The last decade has radically re-shaped news consumption habits. Most people no longer wake up to a newspaper, listen to local news radio on their way to and from work or settle down to watch the evening news before bed. (Pew, 2008) Journalists and journalism are as important as ever, but a new generation of digital natives came of age without traditional media literacy -- reading newspapers, listening to news radio or watching television news (Pew, 2011). Within the last decade, the number of people who get their news from the Internet has quadrupled. But the change of news habits seems to have accompanied a decline in media literacy -- the ability to apply critical reasoning to the assessment of news reporting (Pew 2009). And the lost lifelong news habits are crucial to a functioning democracy. Headliner addresses these changing patterns of news consumption by encouraging media literacy of Internet users through an engaging, competitive environment. It records users' news media activities (such as the type of news media they engage with, the amount of time they spend viewing or listening to news media and how participatory they are in analysis and feedback) and ranks them within their social networks, providing users with the opportunity to receive badges and "duel" with friends as an incentive to view and participate in the news of the day, improving their media literacy. Playing the Game By cataloging their news diet, users build media literacy (Thoman, 1995). Introducing gaming mechanics will help continually engage users and encourage thoughtful news behaviors -- like viewing new and different sources. Headliner's reward and ranking system has three main sections: a leaderboard, badges and challenges.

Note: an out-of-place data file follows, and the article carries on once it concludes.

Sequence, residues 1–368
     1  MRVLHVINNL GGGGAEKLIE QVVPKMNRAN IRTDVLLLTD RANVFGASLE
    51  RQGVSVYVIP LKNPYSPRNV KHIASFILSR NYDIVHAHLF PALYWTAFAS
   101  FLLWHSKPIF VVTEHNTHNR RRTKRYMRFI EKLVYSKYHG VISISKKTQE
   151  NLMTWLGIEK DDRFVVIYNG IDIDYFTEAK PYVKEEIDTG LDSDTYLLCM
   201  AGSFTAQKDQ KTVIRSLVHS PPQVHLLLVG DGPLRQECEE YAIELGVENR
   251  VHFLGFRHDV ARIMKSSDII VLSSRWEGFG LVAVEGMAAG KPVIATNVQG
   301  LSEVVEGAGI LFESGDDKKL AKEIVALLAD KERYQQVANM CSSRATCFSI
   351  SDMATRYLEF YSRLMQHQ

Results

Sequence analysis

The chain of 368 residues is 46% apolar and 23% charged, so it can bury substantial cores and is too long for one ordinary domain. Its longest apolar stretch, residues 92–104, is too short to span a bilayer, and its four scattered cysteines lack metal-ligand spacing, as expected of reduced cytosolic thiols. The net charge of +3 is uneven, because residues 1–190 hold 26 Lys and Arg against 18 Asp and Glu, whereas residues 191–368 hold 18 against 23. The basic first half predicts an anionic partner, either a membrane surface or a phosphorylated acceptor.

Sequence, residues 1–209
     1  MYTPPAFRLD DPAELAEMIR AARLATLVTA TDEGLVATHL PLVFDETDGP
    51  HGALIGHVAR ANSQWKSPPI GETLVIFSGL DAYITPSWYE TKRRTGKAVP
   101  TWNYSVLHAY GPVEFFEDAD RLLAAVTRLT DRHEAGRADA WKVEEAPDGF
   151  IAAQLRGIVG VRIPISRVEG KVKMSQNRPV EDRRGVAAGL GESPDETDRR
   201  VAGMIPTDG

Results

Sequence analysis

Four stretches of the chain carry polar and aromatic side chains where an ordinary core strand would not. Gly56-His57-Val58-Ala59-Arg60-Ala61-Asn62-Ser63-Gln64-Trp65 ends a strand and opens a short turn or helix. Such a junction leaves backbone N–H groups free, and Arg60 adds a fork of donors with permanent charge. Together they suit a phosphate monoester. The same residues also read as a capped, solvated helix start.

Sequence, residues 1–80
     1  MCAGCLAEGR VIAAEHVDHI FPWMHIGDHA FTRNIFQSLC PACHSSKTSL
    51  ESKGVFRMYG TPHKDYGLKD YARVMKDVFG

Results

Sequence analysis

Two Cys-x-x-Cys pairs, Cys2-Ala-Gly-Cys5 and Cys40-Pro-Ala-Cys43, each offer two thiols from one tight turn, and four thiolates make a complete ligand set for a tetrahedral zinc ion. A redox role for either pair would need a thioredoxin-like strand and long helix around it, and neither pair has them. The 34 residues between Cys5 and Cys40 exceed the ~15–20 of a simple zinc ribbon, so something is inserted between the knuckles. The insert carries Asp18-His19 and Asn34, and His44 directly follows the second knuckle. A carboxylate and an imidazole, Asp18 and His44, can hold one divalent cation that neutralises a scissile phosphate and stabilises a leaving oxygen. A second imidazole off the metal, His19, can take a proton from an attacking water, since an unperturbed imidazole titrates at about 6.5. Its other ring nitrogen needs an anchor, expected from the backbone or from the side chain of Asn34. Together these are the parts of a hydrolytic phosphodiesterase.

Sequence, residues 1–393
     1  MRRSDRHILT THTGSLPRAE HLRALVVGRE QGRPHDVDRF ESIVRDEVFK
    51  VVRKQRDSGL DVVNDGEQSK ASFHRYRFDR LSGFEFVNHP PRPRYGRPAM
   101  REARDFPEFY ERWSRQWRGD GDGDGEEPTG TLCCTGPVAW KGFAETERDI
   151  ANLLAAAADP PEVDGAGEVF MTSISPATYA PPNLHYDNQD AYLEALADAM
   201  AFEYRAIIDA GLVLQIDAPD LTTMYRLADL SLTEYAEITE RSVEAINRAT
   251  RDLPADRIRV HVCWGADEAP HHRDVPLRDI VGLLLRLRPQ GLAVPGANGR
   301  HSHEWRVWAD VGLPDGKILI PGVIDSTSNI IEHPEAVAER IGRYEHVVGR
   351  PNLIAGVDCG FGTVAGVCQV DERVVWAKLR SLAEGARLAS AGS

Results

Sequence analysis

|Effective start/end date||1/1/13 → 12/31/13|
- Robert R. McCormick Tribune Foundation (award letter 02/14/2013)
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